Skip to main content

Surveillance study of species distribution, antifungal susceptibility and mortality of nosocomial candidemia in a tertiary care hospital in China



Bloodstream infections due to Candida species cause significant morbidity and mortality, and the epidemiology of Candida infection is changing. Surveillance for candidemia is necessary to detect trends in species distribution and antifungal resistance.


The medical and electronic records of all patients who had candidemia at the authors’ hospital from 2009 to 2011 were reviewed for demographic data and clinical information, including the infecting Candida species, resistance to antifungals and survival, and the presence of risk factors associated with candidemia.


A total of 133 distinct episodes of candidemia were identified over the study period. The annual incidence of candidemia ranged between 0.71 and 0.85 cases/1000 hospital discharges. The most frequent Candida species were C. tropicalis (28.6%), followed by C. albicans (23.3%) and C. parapsilosis (19.5%). The rates of susceptibility to antifungal agents were as followed: voriconazole (97.8%), itraconazole (69.5%), fluconazole (46.1%), ketoconazole (38.9%). Out of 131 evaluable patients, 34 (26.0%) died within 30 days from the onset of candidemia. C. tropicalis candidemia was associated with the highest mortality rate (44.7%). Regarding the crude mortality in the different units, patients in Hemato-Oncology ward had the highest mortality rate (66.7%), followed by patients in cardiovascular wards and ICU (57.1% and 25.6%, respectively). Predictors of 30-day mortality were identified by uni- and multivariate analyses. Complicated abdominal surgery, presence of central venous catheter (CVC), neutropenia, candidemia due to C. tropicalis and poor treatment with fluconazole were significantly associated with the 30-day mortality. Presence of CVC (odds ratio[OR] = 4.177; 95% confidence interval [CI] = 1.698 to 10.278; P = 0.002) was the only independent predictor for mortality in the multivariate analysis.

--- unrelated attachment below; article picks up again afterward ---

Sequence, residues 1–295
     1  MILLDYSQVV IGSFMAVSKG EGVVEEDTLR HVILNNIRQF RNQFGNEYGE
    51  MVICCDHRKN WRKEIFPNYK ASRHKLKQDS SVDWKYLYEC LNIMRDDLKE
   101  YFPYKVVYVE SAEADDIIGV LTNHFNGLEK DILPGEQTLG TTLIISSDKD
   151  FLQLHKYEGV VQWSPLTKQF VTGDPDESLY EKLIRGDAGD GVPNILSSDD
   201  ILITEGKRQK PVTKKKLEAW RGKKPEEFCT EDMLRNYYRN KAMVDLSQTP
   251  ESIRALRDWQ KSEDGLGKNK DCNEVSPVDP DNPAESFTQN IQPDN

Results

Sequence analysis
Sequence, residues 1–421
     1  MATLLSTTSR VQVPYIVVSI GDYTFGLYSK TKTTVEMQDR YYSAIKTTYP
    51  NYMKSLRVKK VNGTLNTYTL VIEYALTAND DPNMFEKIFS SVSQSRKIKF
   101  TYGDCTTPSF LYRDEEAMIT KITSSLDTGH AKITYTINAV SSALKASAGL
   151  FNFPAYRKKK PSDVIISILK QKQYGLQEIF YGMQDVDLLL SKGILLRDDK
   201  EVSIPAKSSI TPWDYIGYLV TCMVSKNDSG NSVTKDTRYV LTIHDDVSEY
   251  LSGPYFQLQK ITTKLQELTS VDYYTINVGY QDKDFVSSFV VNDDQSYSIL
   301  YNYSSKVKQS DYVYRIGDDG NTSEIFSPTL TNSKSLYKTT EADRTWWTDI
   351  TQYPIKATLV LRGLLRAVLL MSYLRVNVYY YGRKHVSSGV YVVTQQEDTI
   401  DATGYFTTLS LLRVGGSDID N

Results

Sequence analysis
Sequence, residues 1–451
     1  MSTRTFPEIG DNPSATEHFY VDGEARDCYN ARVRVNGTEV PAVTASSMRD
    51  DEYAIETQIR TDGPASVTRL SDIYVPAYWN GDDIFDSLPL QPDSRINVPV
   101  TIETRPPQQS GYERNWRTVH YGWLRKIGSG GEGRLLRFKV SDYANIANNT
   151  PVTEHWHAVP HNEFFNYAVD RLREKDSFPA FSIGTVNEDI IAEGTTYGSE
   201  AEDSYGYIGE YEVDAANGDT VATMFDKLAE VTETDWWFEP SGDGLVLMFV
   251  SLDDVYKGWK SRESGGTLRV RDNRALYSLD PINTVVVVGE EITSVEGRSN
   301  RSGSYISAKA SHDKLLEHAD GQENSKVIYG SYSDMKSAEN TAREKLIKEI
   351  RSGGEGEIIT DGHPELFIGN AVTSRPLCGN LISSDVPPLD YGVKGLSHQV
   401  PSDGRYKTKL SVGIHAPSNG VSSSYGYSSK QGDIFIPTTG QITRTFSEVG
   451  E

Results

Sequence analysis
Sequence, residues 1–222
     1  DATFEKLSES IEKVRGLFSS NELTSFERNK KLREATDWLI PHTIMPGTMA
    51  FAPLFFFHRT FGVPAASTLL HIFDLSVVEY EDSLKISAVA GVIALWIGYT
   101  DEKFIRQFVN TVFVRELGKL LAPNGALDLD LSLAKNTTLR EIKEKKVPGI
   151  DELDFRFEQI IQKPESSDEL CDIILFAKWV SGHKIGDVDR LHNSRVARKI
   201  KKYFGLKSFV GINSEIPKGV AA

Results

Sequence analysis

This report provides baseline data for future epidemiological and susceptibility studies and for the mortality rates associated with candidemia in our hospital. The knowledge of the local epidemiological trends in Candida species isolated in blood cultures is important to guide therapeutic choices.

Peer Review reports


Candida spp. is one of the most frequent pathogens isolated in bloodstream infections (BSI), and is associated with significant morbidity and mortality [1, 2]. During the past two decades, the incidence of candidemia has been doubled and Candida spp. currently ranks as the fourth and the seventh most common bloodstream pathogen in North American and European studies [3, 4]. The reasons for the increasing candidemia rates include improved detection as well as increase in patient-population at risk, such as invasive procedures and devices, broad-spectrum antimicrobial agents, advanced life-support and aggressive chemotherapy are more extensively used [5].

Candidemia have been associated with high crude and attributable mortality rates, especially among critically ill patients. The crude mortality rate of these infections is 40%-75% and the attributable mortality of candidemia has been estimated at 25%-38% [6, 7]. In addition, an increase of 30 days in the length of hospital stay among patients surviving these infections has been demonstrated [8]. The economic impact of these infections is also important: candidemia has been associated with increased costs of care and prolonged hospitalization [9].